Release Details

LABEL Listenable
RELEASED ON 3/10/2017
GENRES Death,Grindcore
  • It’s a Lock Up album.


Lock Up

Demonization

posted on 5/2017   By: Andrew Edmunds

On paper, Lock Up looks like a killer band. And it should be, in whichever of its four incarnations (so far) that you choose. It should add up to a sum greater than its parts, some grindcore Voltron. But in practice, its mathematics are less the sum of its parts than sort of the mean of them…

Formed in 1998 as a side project of Napalm Death’s Shane Embury and then-Napalm guitarist Jesse Pintado, with journeyman drummer Nick Barker and Hypocrisy mainstay Peter Tägtgren, the first version of Lock Up spit forth the pleasurable enough Pleasures Pave Sewers. That one set the tone for all that’s come after: modern Napalm-ish death / grind, but lacking the passion and the personality. A switch to At The Gates / Disfear frontman Tomas Lindberg for 2002’s Hate Breeds Suffering fared only a little better – that album remains Lock Up’s best, and it’s still nothing overly amazing. A few years thereafter, Pintado tragically passed away, and Lock Up laid dormant until 2011’s Necropolis Transparent, which featured new guitarist Anton Reisenegger (of Chile’s oft-underrated Pentagram). Necropolis was another solid slice of death / grind, and again, nothing particularly distinctive.

So here’s the fourth Lock Up album, and guess what? It’s a Lock Up album. And now with yet another new vocalist, in former Brutal Truth-er Kevin Sharp...

Like the three before it, it’s a fun and ultimately disposable death / grind record, with a couple of standout tracks and a whole lot of blasting and carving riffs that feed the hunger in the moment, and yet never achieve the greatness of any of the primary bands of anyone involved. Still, there’s plenty enough merit in “Demons Raging,” with its tight riffing and some hardcore grooves, and in the almost blackened dissonant bits of “The Plague That Stalks The Darkness” (and that one adds another pit-stoking breakdown), or in the relentless pace of “Mind Fight.” Demonization’s finest moment comes in its least ordinary – perhaps echoing the industrialized experimental aspect of the titular song on Napalm Death’s Apex Predator, “Demonization” fades in with echoed drums, guitar feedback, and a feel completely different than the remainder of the album. It’s the only moment on Demonization that breaks from the expected, and it’s also (or perhaps, consequently) the most interesting track on hand.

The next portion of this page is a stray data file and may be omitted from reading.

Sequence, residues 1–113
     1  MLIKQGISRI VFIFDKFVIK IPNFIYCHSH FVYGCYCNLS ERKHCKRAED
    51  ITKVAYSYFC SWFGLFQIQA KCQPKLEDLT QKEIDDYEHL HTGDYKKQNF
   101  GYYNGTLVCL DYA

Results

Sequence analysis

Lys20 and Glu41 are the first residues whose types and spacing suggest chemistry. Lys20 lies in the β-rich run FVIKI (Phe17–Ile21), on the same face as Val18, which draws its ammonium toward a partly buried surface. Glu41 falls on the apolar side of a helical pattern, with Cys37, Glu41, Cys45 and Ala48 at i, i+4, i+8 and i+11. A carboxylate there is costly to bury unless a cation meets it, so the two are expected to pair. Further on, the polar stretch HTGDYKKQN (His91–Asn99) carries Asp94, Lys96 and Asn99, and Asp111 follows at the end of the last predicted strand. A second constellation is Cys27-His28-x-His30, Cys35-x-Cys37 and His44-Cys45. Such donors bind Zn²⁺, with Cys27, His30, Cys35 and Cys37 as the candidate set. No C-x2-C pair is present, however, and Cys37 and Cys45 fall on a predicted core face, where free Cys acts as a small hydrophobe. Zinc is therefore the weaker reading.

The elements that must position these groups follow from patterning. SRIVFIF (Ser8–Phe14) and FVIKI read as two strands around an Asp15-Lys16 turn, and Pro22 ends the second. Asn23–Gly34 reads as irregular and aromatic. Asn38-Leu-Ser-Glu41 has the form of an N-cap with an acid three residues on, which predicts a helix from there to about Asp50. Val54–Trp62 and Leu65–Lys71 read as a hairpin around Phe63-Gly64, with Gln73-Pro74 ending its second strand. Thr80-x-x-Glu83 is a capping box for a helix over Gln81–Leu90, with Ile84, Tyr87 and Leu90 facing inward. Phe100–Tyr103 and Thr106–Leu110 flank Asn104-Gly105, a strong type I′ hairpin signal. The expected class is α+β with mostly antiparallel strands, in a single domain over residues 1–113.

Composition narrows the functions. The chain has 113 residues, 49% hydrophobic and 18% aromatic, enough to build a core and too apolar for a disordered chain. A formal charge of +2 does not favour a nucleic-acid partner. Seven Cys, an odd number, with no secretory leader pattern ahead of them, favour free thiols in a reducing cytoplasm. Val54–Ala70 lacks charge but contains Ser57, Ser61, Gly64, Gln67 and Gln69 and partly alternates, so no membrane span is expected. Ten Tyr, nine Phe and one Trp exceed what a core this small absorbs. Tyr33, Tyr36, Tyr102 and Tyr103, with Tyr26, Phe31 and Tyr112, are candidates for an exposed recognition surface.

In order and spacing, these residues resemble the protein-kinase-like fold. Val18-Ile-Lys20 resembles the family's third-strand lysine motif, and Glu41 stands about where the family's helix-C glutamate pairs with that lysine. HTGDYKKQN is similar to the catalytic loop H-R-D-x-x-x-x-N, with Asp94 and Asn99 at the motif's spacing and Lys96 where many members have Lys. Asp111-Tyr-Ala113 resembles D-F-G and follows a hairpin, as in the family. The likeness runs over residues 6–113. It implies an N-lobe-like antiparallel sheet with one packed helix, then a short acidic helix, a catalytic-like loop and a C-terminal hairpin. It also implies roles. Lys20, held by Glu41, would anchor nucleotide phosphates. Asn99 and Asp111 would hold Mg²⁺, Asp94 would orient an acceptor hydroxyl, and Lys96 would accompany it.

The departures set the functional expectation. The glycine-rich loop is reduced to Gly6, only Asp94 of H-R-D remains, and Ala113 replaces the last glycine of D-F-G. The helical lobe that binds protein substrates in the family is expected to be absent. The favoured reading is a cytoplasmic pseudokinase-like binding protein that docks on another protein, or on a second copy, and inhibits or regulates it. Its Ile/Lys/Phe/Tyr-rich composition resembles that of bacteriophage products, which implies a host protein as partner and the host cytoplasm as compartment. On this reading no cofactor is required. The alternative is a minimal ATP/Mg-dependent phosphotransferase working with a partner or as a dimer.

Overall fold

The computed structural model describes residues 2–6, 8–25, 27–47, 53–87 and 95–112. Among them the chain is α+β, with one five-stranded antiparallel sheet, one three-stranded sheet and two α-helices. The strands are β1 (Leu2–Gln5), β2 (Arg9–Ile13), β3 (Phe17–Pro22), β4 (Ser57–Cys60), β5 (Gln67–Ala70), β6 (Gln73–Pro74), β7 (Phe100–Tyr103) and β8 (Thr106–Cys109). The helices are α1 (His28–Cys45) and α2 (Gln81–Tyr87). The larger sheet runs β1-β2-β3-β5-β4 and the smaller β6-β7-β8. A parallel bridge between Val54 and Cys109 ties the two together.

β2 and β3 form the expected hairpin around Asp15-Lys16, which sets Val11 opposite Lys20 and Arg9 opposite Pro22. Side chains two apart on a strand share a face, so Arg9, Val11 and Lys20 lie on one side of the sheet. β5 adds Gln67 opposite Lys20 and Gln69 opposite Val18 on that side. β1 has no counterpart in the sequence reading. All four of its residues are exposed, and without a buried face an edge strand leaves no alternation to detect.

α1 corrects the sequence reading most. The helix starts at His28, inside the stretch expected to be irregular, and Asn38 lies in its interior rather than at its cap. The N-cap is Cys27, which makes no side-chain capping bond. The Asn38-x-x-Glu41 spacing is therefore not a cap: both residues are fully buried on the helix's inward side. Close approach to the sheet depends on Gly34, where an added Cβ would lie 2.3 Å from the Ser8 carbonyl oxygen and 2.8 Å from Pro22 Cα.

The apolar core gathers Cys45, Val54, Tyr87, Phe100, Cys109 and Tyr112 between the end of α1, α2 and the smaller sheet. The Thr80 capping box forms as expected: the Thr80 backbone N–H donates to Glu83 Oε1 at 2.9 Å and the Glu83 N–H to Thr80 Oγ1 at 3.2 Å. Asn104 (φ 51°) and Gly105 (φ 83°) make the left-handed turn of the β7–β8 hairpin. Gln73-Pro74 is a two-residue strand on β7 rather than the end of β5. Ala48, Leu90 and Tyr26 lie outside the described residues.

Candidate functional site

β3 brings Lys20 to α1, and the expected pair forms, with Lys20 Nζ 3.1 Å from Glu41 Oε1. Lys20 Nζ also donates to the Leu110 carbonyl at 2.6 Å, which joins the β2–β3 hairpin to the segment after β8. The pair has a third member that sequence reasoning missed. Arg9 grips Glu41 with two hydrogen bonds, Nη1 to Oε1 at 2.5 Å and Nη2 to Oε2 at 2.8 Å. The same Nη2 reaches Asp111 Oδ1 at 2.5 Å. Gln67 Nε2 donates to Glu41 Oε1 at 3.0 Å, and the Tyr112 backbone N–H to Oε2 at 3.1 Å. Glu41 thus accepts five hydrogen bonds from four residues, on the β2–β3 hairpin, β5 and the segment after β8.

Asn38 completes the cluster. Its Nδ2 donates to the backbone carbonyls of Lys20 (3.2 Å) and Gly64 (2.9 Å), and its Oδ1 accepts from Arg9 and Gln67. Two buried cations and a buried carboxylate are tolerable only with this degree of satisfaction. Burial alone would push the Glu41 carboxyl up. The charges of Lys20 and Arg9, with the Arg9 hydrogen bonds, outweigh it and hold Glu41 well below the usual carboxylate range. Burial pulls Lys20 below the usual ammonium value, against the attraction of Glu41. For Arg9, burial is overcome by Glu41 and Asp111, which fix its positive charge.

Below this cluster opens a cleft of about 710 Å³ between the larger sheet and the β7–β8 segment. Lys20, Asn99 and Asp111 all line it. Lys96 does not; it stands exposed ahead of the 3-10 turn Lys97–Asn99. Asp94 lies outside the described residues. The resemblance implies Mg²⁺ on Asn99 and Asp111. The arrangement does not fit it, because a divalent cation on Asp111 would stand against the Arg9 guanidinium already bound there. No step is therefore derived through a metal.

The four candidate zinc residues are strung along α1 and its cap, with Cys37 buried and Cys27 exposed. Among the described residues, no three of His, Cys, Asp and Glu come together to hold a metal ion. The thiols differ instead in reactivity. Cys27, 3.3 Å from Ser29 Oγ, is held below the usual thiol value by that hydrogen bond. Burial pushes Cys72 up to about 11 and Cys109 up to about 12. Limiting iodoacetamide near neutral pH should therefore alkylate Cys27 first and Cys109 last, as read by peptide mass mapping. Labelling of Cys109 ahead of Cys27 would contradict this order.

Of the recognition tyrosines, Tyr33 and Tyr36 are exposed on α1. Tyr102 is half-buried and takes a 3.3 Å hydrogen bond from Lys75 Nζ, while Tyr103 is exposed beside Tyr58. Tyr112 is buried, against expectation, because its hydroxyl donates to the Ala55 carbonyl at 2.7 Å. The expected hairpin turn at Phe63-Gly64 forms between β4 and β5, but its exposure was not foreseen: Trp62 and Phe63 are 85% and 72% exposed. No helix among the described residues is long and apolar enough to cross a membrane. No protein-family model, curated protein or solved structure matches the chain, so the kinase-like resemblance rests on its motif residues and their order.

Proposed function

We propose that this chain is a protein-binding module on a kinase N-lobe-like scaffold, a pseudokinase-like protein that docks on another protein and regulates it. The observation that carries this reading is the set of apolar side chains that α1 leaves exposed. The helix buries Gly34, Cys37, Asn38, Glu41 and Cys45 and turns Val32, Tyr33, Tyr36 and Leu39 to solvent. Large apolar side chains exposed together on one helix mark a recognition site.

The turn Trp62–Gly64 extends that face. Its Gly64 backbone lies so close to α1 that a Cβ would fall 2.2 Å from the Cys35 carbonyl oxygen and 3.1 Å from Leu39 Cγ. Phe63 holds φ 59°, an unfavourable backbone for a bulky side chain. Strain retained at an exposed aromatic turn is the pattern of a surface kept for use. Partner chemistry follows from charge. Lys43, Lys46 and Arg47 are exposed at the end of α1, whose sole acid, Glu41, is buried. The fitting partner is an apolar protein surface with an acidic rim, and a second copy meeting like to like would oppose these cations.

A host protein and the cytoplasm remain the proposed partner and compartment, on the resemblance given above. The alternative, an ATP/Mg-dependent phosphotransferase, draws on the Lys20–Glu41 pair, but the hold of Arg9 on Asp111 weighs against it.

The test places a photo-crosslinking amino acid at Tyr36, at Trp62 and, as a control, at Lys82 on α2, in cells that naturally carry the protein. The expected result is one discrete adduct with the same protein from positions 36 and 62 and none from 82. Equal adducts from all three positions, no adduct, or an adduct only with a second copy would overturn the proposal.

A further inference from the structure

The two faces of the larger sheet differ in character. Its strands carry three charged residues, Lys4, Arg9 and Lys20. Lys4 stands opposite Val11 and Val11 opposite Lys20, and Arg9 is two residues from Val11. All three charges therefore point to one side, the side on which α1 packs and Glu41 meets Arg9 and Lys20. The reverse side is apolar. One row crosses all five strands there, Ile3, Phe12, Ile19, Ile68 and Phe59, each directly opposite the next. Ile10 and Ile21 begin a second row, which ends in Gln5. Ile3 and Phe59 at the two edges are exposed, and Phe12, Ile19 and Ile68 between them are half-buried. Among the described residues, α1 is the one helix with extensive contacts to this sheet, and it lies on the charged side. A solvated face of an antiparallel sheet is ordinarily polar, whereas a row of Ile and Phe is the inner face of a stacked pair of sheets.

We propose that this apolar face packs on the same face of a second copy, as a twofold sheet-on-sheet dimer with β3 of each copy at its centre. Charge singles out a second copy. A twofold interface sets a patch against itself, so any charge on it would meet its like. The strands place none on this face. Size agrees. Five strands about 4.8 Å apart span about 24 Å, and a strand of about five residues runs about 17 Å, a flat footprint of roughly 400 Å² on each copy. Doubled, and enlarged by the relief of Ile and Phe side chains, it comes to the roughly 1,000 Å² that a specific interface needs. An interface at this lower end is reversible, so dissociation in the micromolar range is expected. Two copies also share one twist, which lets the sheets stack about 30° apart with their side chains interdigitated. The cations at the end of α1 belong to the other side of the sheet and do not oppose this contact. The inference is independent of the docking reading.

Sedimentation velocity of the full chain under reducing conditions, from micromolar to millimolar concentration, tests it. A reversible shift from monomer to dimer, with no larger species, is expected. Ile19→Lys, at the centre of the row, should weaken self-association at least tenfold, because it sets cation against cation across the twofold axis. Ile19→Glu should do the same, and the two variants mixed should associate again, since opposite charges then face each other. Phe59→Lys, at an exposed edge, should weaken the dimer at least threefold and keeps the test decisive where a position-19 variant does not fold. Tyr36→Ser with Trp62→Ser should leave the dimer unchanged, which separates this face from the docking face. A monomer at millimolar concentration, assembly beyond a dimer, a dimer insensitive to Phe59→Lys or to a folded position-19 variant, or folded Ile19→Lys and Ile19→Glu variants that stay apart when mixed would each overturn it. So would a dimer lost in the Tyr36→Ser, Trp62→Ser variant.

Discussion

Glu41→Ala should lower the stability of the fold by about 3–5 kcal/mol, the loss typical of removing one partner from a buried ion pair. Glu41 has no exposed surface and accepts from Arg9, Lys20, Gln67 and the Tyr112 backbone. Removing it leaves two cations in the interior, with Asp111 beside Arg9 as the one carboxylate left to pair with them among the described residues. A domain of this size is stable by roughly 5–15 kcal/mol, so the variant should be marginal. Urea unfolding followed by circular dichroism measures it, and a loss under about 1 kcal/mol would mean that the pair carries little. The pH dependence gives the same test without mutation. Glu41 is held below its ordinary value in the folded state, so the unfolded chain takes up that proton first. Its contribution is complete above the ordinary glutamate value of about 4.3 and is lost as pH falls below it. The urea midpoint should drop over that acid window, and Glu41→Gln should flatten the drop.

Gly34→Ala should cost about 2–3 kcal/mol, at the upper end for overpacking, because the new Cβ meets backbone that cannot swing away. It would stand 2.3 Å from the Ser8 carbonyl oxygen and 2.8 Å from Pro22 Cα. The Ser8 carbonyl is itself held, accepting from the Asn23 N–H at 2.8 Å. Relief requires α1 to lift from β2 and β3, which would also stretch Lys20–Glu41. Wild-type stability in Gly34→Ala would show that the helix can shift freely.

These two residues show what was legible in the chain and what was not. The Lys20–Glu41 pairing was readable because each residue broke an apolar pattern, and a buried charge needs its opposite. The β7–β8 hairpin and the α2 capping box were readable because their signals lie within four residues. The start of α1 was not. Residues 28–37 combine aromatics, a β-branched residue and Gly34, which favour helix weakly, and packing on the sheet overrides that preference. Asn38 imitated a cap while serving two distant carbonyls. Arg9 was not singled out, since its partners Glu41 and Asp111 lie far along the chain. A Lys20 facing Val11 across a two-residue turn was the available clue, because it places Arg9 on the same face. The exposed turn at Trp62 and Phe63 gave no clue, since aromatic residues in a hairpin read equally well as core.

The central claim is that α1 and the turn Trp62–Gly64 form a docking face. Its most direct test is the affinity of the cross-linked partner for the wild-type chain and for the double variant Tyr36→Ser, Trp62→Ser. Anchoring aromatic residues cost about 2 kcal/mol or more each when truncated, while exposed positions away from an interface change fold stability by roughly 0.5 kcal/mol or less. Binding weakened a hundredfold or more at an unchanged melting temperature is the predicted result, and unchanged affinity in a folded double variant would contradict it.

Of course, given the pedigrees of everyone involved, and the three Lock Up albums prior, it should be little surprise that Demonization is produced and performed very capably. Barker makes blasting sound easy, his high tom rolls perforating the beat with the occasional break in the maelstrom; Reisenegger’s guitar is sharp, and of course, Embury’s bass is gnarled, distorted, and biting. Sharp spits and screams here in the same manner as elsewhere – Primate, Venomous Concept, whichever other project… It’s not that Lock Up isn’t a collection of great musicians – it’s more that it feels very much like the side project it is. It’s fun, but it’s no one’s favorite band, on either end of the creator-listener divide.

So all that to say this: It’s Lock Up; it’s here for a good time; and if you liked any of the first three, here’s another variation on that theme. If you’re into the whole death / grind mash-up, if sharp riffing and blast beats are your thing, and you’re not super-picky about the whole of it being anything more than a B-grade version of at least a few of the members’ better-known outlets, then Demonization is absolutely an entertaining way to spend forty-one minutes of your day.

Way better than a sharp stick in the eye…